Former director and promoter of the notorious Bitconnect Ponzi scheme, Glenn Arcaro, has pled guilty to fraud charges related to his role in the now-defunct crypto exchange and lending platform
He has been ordered to pay back $24 million to investors.
In a parallel action in the long-running saga the United States Securities and Exchange Commission (SEC) has charged Bitconnect, its founder Satish Kumbhani, former director Arcaro, and Future Money Ltd. over the scheme. The defendants are accused of running a fraudulent, unregistered securities offering that netted $2 billion.
The latest developments come three years after BitConnect shut down its lending platform and crypto exchange in light of warnings from Texas and North Carolina regulators.
Bitconnect has been widely accused of being a Ponzi scheme, and the scheme lives on in countless memes.
According to a Sept.1 release from the Department of Justice (DoJ), Arcaro pled guilty to charges alleging conspiracy to commit wire fraud.
The Los Angeles resident admitted to conspiring with “others” to exploit investors by “fraudulently marketing” BitConnect’s coin offering and crypto trading platform as a highly profitable investment.
The 44-year-old also admitted to misleading investors about the “BitConnect Trading Bot” and “Volatility Software” as being able to generate large profits and guaranteed returns by using investor funds to trade on the volatility of crypto markets.
“In truth, BitConnect operated a textbook Ponzi scheme by paying earlier BitConnect investors with money from later investors,” the DoJ release read.
Arcaro is said to have operated a large network of promoters in North America that formed a pyramid scheme dubbed the “Bitconnect Referral Program.” He earned around 15% per investment into BitConnect’s lending program, while he also received a cut from all investments via a hidden “slush” fund.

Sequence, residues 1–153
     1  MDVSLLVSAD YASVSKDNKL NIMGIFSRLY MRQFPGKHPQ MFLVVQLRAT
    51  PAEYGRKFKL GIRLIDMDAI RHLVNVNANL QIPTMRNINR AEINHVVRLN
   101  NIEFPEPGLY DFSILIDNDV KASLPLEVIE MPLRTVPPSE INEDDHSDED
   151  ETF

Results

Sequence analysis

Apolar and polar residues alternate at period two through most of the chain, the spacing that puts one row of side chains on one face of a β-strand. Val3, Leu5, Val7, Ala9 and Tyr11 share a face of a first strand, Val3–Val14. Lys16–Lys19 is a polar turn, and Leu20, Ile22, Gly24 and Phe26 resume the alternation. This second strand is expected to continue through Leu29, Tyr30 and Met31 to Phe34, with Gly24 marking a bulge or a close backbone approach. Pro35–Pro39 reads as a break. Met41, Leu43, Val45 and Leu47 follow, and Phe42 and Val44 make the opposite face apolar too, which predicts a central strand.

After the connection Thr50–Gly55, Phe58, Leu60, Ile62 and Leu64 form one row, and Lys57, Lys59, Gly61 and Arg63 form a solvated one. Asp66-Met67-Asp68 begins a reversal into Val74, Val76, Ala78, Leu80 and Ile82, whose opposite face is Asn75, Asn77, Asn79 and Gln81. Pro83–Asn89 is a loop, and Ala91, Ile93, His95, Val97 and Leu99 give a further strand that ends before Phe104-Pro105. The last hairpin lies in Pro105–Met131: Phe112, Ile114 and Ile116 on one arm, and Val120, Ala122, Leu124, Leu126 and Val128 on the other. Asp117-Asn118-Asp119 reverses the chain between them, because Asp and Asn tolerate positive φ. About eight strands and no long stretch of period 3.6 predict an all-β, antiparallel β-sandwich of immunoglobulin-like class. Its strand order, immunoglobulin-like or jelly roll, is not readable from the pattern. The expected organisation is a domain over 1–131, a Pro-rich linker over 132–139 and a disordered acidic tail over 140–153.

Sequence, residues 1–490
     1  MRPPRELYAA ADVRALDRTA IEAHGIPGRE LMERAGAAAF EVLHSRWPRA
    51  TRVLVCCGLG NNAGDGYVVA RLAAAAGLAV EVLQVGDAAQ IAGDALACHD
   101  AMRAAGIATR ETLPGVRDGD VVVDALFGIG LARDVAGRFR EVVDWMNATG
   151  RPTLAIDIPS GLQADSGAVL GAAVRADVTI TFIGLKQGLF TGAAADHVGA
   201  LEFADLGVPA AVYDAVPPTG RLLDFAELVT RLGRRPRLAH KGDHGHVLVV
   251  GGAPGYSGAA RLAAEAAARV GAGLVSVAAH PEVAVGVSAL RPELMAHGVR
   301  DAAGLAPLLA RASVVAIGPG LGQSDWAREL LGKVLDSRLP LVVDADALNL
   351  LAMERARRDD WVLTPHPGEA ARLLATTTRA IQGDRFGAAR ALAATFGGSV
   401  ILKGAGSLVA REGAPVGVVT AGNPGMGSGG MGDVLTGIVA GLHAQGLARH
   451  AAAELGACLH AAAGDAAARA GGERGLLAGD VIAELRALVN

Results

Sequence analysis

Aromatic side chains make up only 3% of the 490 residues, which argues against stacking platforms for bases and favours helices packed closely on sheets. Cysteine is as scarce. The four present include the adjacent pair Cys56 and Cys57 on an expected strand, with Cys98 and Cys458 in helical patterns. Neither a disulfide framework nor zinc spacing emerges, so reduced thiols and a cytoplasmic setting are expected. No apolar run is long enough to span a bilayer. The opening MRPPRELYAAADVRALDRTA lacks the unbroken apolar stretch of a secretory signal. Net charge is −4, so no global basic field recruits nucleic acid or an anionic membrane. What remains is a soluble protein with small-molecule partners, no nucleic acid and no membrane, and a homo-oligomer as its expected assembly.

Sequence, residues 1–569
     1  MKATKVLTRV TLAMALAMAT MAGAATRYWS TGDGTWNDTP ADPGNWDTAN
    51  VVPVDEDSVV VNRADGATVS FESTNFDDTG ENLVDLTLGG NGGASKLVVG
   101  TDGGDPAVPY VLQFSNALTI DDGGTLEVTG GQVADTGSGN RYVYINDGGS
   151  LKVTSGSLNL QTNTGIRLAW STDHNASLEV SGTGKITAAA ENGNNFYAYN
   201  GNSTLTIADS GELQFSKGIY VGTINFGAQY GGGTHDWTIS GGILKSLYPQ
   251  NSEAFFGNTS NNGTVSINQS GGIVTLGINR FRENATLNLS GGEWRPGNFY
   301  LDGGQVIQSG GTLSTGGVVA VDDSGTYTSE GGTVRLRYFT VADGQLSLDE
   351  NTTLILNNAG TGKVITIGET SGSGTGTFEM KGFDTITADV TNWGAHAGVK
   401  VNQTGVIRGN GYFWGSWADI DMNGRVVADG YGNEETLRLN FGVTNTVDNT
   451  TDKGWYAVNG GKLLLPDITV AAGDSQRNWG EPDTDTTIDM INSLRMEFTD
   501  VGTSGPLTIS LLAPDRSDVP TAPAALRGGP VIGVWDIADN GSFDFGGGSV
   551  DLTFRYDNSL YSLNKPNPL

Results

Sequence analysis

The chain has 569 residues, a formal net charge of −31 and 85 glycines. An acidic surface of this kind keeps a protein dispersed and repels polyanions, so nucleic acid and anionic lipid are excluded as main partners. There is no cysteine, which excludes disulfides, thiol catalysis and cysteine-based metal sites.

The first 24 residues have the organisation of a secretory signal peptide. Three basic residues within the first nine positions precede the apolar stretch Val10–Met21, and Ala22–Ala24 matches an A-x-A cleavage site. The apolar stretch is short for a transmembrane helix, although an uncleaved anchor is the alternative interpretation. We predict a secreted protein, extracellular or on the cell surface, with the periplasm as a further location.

The former promoter admitted to earning around $24 million from his fraudulent activities and has been ordered to pay back the full amount to investors.
“Arcaro capitalized on the emergence of cryptocurrency markets, enticing innocent investors worldwide to get in early by promising them guaranteed returns, and exploiting the internet and social media to reach a larger pool of victims with greater ease and speed,” said Special Agent in Charge Ryan L. Korner of the IRS Criminal Investigation’s (IRS-CI) Los Angeles Field Office.
Related: Crypto is too big to exist outside of public policies, warns SEC chair
New SEC charges
The SEC charges announced today are aimed at BitConnect, founder Satish Kumbhani, former director Arcaro and Future Money Ltd — a firm incorporated by Arcaro in Hong Kong.
According to Sept. 1 complaint, the SEC alleges that the defendants conducted a fraudulent and unregistered securities offering via BitConnect’s lending platform between 2017 and 2018, that generated approximately 325,000 Bitcoin (BTC) worth $2 billion at the time.
Today, we announced that we have filed an action against an online crypto lending platform, its founder, and its top U.S. promoter and his affiliated company.
They allegedly defrauded retail investors out of $2 billion!
— SEC (@SECGov) September 1, 2021
The complaint asserts that users were duped into investing in the lending platform via claims that BitConnect’s trading bot would produce guaranteed returns of 40% a month, and accused BitConnect of posting “fictitious returns” on the website equating to an average of 1% per day, or 3,700% annually.
“These claims were a sham. As Defendants knew or recklessly disregarded, BitConnect did not deploy investor funds for trading with its purported Trading Bot. Rather, BitConnect and Kumbhani siphoned investors’ funds off for their own benefit and their associates’ benefit.”
The SEC notes that the whereabouts of BitConnect’s founder Kumbhani is currently unknown.
The SEC is seeking a full disgorgement of funds, the enjoinment of the defendants from violating securities laws in the future, and civil monetary penalties.
In May the SEC charged six other BitConnect promoters for their role in the alleged insecurities offering, and Cointelegraph reported on July 8 that the SEC had closed in on settlements with four of the six individuals.